Today on Context Florida:
Thanks to Hillary Clinton and Donald Trump, Martin Dyckman says the campaign for president has become in part a bizarre version of the old celebrity game show, “I’ve Got a Secret.” This time, however, we know what secrets are being kept. We just don’t know the details, or what devils may be in them. Clinton’s are the transcripts of those pricey Wall Street speeches. But that’s petty stuff compared to what may be in Trump’s income tax returns. Neither candidate has a plausible excuse for stonewalling the public.
What is more appealing for Democrats like Ben Pollara? Donald Trump as the Republican nominee, or a fractured convention that produces a nominee who received no Republican primary votes, like Paul Ryan? Pollara says they both sound pretty good, and likely to culminate in a Hillary Clinton presidency. But it’s not up to Democrats, and the questions Republicans should be asking themselves have more serious consequences for both their party and our system of governance.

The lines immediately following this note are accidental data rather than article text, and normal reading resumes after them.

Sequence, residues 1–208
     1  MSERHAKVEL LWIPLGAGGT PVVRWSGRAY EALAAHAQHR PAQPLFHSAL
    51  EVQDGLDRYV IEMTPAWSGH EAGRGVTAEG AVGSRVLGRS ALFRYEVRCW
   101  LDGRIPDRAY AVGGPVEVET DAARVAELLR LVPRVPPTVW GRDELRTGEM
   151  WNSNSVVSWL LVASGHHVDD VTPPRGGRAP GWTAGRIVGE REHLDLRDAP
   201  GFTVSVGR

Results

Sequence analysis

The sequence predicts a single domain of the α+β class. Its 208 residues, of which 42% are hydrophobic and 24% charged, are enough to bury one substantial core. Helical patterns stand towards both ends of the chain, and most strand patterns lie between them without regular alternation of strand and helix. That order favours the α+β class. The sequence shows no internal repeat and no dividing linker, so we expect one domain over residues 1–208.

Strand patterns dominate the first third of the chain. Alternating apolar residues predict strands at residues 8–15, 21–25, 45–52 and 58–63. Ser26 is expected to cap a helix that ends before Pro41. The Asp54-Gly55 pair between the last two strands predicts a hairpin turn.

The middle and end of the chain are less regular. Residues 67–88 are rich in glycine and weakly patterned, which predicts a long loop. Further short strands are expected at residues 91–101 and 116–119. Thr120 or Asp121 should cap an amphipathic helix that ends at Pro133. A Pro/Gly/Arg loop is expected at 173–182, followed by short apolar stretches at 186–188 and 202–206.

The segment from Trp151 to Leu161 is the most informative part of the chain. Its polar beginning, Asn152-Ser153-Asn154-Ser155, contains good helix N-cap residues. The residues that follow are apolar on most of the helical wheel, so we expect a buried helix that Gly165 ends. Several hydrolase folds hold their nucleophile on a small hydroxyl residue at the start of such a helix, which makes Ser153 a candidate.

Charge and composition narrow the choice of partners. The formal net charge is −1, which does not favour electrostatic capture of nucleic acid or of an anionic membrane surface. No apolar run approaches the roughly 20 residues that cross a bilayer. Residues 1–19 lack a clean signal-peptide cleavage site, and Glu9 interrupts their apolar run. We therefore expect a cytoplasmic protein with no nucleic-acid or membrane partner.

As Donald Trump marches closer to the Republican nomination for president, more prominent elected officials are endorsing him. Florida Gov. Rick Scott is the latest, giving his approval following Trump’s blowout victory in Florida on Tuesday. The day before the primary, Attorney General Pam Bondi endorsed Trump, the part-time resident of Palm Beach County. Bob Sparks notes that the reaction by some Republicans was an example of how deep and wide the gulf within the party has become.
A group of state senators in Kansas hope to undo by legislative fiat that which our Founding Fathers literally crafted by the sweat of their brow in the Philadelphia summer of 1787 — an independent judiciary. Isaac Ruiz-Carus reports on the Kansas Senate Judiciary Committee, which recommended to the full Senate to pass Senate Bill 439 – entitled, “Grounds for impeachment of supreme court and certain judges of the district court.” The bill, according to Ruiz-Carus, is an affront to the principles embodied in the Constitution and signals the single biggest threat to an independent judiciary in modern time.